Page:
Posts Tagged: photography
If some have trouble coming to terms with what Mège has made or done, it could be useful to think of her work, as conceptual as it might be, as a dance that lasted twenty-two years.
For the New Yorker, Anna Heyward profiles Isabelle Mège, a regular person who has sought out portraits of herself from dozens of esteemed photographers....more
Photography is often considered “objective”—a technology with the ability to capture people, things and places as they were during one moment in time. The art form has a long history of depicting race powerfully in America, both in disproving difference across racial divides and in evoking emotion and depicting the gravity of tragedy....more
I just wanted to leave this in the world, and see what the world would do with it.
Ever wonder what to do with all those extra books around your apartment? Well, Shaheryar Malik came up with an ingenious idea: leave stacks of books all over New York City and take pictures of them!...more
It was also a costly endeavor, especially if a photographer wished to create multiple copies of a book. According to Kathrin Schönegg, a GRI fellow working on the project, most books had between just 20 to a few hundred editions — making some copies incredibly rare.
At Hyperallergic, Chris Cobb explores new photography exhibits featuring over 200 color photos from a recently rediscovered collection by Gordon Parks. The collection dates from 1956, when Parks was commissioned by LIFE magazine to capture the day-to-day of black families in segregated Alabama....more
Danniel Schoonebeek discusses with photographer Marshall Scheuttle the reason for his move to Las Vegas, the contrast of his portraits with his landscapes, and the emotional space that he arrives at when photographing an especially exciting subject:
My favorite photographs have always given me this feeling that I’m a participant in something I can’t control.
Jessa Crispin discusses discovering the darkly fascinating self portraits of gender-bending surrealist photographer Claude Cahun and the mystery in her life, in an excerpt from The Dead Ladies Project:
The Cahun version of Acker had the shaved head, but angled to look frail and sickly, near death, a pre-Holocaust vision of the Auschwitz survivor.
It might be ill-advised to reduce an artist’s life and work to a single observation, the magic key that unlocks everything, but in the case of Robert Mapplethorpe there is a pronounced duality—in the themes and subjects depicted in his “icy”, graphically stylized black-and-white photographs; in the dark-angel personae he cultivated; and in the controversies all of these facets wittingly or unwittingly sparked during his short lifetime.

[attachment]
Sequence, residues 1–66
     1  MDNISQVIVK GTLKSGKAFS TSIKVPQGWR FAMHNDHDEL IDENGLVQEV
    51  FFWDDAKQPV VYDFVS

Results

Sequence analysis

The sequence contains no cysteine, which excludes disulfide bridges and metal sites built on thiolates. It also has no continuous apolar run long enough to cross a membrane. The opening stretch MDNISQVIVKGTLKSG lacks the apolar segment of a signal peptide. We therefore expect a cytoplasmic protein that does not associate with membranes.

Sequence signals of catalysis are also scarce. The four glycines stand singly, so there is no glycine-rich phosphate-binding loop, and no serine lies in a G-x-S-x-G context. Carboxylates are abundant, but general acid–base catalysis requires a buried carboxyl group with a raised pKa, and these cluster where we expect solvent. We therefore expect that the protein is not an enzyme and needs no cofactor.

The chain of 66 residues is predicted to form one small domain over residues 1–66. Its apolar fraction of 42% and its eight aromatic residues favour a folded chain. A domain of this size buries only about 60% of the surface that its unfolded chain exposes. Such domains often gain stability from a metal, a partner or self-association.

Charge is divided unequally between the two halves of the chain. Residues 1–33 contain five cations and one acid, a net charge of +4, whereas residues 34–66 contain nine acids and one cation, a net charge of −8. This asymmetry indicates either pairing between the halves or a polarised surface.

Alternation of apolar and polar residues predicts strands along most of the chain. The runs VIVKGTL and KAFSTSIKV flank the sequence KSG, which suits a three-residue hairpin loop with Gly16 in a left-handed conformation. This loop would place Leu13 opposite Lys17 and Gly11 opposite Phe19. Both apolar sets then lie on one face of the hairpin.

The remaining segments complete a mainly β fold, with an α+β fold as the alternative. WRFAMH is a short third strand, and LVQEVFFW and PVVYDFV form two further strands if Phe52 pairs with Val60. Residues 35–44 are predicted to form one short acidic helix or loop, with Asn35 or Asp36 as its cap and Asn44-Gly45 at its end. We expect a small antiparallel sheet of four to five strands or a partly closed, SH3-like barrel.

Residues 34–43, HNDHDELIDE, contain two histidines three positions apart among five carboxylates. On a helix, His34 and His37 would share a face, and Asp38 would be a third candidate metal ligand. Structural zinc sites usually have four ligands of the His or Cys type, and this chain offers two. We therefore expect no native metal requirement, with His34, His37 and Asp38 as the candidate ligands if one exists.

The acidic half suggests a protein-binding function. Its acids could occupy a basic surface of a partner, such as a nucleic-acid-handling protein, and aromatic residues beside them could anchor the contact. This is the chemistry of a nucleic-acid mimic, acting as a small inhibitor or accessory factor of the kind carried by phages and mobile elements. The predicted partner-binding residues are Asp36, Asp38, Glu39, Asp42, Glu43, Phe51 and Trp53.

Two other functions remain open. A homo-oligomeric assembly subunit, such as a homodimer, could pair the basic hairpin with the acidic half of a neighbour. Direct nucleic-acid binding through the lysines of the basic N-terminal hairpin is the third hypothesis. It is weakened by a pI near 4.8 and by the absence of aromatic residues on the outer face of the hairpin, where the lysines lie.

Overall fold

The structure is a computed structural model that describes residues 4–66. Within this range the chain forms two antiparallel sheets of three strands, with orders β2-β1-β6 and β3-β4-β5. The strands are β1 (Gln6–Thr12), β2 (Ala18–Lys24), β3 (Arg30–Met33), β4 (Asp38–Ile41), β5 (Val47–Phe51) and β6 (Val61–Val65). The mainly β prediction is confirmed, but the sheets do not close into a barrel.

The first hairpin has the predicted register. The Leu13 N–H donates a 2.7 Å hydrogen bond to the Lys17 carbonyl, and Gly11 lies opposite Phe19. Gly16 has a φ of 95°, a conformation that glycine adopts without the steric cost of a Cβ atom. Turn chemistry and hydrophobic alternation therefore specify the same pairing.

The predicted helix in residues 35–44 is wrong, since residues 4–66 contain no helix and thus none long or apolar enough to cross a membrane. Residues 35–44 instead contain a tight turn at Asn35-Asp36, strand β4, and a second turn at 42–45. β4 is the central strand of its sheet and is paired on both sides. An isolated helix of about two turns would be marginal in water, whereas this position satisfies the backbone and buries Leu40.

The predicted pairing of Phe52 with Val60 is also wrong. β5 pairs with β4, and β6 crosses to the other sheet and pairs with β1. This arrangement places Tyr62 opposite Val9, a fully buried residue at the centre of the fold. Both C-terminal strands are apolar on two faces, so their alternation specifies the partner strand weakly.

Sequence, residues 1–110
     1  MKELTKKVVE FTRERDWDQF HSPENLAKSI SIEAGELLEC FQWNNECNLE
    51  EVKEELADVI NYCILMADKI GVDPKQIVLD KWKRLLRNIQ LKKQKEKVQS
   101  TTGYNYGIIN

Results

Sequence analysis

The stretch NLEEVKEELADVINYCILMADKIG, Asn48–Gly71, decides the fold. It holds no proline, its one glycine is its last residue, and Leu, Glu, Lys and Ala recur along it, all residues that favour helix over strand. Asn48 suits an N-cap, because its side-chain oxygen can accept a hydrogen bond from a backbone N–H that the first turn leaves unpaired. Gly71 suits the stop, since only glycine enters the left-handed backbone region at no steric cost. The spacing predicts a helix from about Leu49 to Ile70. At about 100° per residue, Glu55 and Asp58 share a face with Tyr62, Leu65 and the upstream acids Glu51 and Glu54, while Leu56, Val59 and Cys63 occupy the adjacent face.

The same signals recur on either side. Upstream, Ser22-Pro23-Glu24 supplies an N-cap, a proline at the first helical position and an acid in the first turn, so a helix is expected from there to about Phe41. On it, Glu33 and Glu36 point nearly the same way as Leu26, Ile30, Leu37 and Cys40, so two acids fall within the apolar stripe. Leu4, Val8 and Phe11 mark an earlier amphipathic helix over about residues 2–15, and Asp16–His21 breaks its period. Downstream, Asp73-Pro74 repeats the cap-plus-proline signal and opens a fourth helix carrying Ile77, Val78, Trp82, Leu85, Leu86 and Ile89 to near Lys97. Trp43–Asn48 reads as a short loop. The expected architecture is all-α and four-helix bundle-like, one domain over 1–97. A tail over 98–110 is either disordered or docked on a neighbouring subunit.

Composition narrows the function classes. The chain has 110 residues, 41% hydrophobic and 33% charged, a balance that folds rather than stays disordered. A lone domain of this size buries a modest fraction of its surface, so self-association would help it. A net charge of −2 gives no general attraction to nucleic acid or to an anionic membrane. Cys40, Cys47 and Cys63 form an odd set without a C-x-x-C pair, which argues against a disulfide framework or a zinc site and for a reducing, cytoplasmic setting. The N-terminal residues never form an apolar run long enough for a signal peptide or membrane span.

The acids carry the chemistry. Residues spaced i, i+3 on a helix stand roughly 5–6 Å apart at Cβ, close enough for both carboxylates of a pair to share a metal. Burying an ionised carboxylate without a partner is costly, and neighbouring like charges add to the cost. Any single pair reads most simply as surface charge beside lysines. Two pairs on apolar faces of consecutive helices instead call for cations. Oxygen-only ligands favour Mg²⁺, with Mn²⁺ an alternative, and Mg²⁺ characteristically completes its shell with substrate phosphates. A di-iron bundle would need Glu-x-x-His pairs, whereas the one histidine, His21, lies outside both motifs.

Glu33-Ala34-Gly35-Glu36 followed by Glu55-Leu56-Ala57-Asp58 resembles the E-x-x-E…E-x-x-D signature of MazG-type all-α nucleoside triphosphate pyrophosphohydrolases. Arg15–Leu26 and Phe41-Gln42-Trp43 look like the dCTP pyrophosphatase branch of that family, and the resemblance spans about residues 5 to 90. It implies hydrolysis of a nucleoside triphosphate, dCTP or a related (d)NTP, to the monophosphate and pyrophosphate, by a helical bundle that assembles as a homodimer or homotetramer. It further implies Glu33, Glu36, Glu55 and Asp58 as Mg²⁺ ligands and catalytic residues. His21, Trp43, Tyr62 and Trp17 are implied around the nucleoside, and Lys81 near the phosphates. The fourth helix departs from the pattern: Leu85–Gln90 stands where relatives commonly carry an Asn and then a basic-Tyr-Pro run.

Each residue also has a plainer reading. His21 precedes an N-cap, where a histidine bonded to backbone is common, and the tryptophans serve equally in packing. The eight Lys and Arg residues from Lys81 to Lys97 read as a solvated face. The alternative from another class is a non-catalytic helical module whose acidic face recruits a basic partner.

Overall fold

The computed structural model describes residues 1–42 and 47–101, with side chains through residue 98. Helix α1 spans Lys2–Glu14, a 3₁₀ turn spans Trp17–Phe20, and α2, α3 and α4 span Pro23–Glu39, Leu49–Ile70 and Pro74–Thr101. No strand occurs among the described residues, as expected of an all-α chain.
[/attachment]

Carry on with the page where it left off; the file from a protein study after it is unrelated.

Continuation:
Author and photographer Rebekah Bergman talks with Electric Literature about the influence of her photography on her fiction, the rising popularity of post-apocalyptic fiction, the use of fantasy to explore sexuality, and more:
I have a theory about why many women might turn to this kind of fantasy.
In celebration of the iconic figure who transcends all generational gaps, photographer Mick Rock spoke with VICE about his time with Bowie when the artist was inventing the revolutionary alter ego that is Ziggy Stardust, and the photos that were born from it....more
Writing for Broadly, Stassa Edwards has this profile of Nona Faustine, a photographer whose nude self-portraits aim to expose New York’s history of slavery.
Faustine’s “White Shoes” is a series is a kind of memorial to that history, an attempt to conjure up the spirits of black women who were demeaned and sold in Manhattan’s streets.
If a picture is worth a thousand words, Caroline Calloway’s new memoir is going to be extremely long. The England-based art history student has been writing a memoir through her Instagram account, mashing together photos, captions, conversations, and more. Unlike most Instagram feeds, Calloway does not post in real time....more
The Daily Beast interviews photographer Sally Mann about her new memoir and the overlap between writing and photography:
Yes. They’re so fleeting but in both there is that raptus of inspiration. Fleeting and really hard to hold onto, and you certainly can’t ask for it, but it happens with both, and it’s exactly the same feeling.
She sent me this photograph and wrote: I run across my own life as a dog runs across a field, zigzag. The search is endless. Then I come to a sudden stop. I stand and listen to the small movements in things.
Why spend another Friday night binge-watching Treehouse Masters when you could be meditating on the passage of time and the lifelong project of self-actualization we humans must all undertake? If you’re in San Francisco tonight, swing by Four Barrel Coffee at 6 p.m....more
Photographer Lawrence Schwartzwald finds people reading just about everywhere. He’s been going around New York City, snapping pictures of people reading books in unlikely places. Slate caught up with Scwartzwald, who explains his fascination with people and their books:
You just get a visceral reaction, like writing a great story or reading one for that matter, there’s an emotional, psychological component to it that you sense and occasionally you’re able to capture it because sometimes you may have literally one frame to get it off and you either get it or you don’t.